Michelle Materre, Film Historian & Leader for Women in Independent Film, Dies at 67

The community of Black and independent filmmakers is mourning the loss of Michelle Materre, a champion of the independent film industry who passed away from cancer last month at age 67.

Materre passed away at a hospital in White Plains, New York, on March 11, a Facebook post from The Black Documentary Collective read.

The acclaimed film historian was well known and respected for her unwavering dedication to ensuring diverse stories were told through film.

Her three decades of work impacted future generations of independent filmmakers and helped award-winning films see the light of day. While running her film distribution and marketing company, ​​KJM3 Entertainment Group Inc., from 1990 to 2001, Materre directly managed the release of 23 independent films, as noted by The New School Free Press.

Some of the projects under her belt include Chisholm ’72: Unbought & Unbossed by Shola Lynch, Channel Thirteen/WNET’s national series The Rise and Fall of Jim Crow, and Black Women in Medicine by Crystal Emery. Materre also curated Creatively Speaking, a film series dedicated to women filmmakers and people of color.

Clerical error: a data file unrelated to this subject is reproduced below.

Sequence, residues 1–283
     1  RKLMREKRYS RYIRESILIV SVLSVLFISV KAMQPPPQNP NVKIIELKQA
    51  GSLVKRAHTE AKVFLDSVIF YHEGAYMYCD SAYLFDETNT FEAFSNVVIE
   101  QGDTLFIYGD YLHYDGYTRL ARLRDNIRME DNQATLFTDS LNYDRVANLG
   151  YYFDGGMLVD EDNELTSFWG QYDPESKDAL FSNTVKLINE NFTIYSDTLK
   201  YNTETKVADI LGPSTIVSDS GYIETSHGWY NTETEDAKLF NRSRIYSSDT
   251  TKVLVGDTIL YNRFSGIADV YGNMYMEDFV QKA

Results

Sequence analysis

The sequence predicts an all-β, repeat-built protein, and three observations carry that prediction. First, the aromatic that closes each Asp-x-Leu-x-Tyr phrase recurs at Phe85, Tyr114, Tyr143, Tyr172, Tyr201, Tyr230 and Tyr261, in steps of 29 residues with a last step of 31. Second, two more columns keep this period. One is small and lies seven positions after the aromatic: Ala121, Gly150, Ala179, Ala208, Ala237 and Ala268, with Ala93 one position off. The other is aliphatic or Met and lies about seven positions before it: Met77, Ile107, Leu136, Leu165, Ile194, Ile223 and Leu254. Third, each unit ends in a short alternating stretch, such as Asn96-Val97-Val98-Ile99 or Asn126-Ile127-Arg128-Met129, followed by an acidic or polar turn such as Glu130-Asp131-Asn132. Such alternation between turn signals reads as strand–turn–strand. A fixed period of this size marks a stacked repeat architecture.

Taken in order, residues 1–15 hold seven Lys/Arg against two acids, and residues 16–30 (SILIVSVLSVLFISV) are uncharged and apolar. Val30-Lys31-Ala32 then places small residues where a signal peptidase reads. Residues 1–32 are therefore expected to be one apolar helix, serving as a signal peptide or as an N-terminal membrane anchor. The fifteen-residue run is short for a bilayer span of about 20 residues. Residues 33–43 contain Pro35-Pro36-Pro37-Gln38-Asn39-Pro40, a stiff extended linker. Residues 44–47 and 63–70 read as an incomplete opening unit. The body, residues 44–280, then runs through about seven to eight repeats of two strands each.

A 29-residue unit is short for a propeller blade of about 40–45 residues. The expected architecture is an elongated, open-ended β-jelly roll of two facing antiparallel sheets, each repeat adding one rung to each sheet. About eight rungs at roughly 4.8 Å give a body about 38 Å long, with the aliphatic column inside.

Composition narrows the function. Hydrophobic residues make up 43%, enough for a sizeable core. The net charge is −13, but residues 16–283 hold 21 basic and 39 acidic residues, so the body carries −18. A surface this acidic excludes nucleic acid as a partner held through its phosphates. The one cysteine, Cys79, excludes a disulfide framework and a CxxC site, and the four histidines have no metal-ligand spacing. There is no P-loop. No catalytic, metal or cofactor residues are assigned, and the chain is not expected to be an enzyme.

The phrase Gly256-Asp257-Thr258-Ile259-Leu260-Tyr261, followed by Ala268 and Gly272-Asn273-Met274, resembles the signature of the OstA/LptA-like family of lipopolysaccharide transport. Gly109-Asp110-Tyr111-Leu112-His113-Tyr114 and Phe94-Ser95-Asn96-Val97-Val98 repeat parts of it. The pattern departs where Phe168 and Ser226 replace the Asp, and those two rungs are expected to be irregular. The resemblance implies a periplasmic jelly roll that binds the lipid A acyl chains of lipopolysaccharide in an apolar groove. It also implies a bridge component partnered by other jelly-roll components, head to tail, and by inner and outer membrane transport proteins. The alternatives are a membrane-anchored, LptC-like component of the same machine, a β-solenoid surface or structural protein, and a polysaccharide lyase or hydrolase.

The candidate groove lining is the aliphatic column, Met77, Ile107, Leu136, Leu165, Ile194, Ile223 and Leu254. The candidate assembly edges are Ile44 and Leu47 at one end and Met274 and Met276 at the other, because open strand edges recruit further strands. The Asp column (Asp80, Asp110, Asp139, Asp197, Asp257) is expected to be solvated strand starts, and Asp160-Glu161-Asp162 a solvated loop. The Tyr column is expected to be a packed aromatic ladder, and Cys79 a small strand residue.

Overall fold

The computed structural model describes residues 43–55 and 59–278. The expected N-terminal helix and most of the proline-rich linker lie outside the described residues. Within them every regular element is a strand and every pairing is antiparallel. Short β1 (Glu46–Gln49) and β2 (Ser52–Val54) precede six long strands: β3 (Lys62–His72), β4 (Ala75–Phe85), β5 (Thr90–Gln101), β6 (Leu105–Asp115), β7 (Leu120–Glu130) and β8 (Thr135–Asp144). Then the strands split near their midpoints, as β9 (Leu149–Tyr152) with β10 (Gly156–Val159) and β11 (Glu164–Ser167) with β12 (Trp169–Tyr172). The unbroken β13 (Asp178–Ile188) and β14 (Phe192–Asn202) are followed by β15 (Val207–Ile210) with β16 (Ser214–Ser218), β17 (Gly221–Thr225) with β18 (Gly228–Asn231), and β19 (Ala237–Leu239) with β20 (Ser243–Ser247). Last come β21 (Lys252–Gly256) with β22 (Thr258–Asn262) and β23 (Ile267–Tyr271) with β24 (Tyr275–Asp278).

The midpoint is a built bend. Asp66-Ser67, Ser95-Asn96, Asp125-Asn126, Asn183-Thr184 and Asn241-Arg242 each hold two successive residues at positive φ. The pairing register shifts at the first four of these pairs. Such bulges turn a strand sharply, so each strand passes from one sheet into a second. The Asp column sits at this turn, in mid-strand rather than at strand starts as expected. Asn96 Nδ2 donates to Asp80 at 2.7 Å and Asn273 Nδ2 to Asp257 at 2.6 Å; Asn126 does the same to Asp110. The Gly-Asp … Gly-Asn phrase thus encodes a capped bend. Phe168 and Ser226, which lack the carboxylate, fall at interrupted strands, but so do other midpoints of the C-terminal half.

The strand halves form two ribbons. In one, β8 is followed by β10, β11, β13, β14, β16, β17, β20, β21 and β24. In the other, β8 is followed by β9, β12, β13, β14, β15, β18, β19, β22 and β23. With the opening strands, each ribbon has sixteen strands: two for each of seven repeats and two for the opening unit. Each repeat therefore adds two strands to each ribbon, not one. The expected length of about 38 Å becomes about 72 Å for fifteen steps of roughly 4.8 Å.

“During this period, filmmakers were typically producing totally on their own, without limited support and resources from institutions and grant-making agencies – indeed getting the work produced ‘one way or another,’” Materre shared in Black Camera: An International Film Journal in 2019.

“Yet, this work lives on and remains relevant today, fulfilling the mission of the Creatively Speaking Film Series to capture the often-buried voices, harsh realities, and boundless creativity of historically marginalized and underrepresented filmmakers of color.”

The New School professor leaves behind a community of students and supporters celebrating her life by remembering all she contributed to the independent film community.

“Michelle will be remembered as a tireless advocate and champion of films by and about women and people of color, a beloved teacher, an engaged university citizen, and a cherished colleague,” the New School wrote in a lengthy statement.

Emmy and Peabody award-winning director Neema Barnette, the first Black woman to direct a network sitcom (What’s Happening Now!), penned a Facebook tribute to Materre, honoring her for being a trailblazer for diversity in the field.

“After a friendship that spanned over 35 years, I said goodbye to my sista friend Michelle Materre. A force to be reckoned with, Michelle’s love for Third World cinema and her lecture series Creatively Speaking has helped hundreds of young visionaries make their films. A staple at The New School, Michelle taught and mentored hundreds more,” Barnette wrote.

“There will be celebrations of Michelle’s life and we will make sure her work continues. Michelle was a true warrior Queen who fought battles with bravery and hope. Rest in Power Michelle, because you know how much you were loved.”


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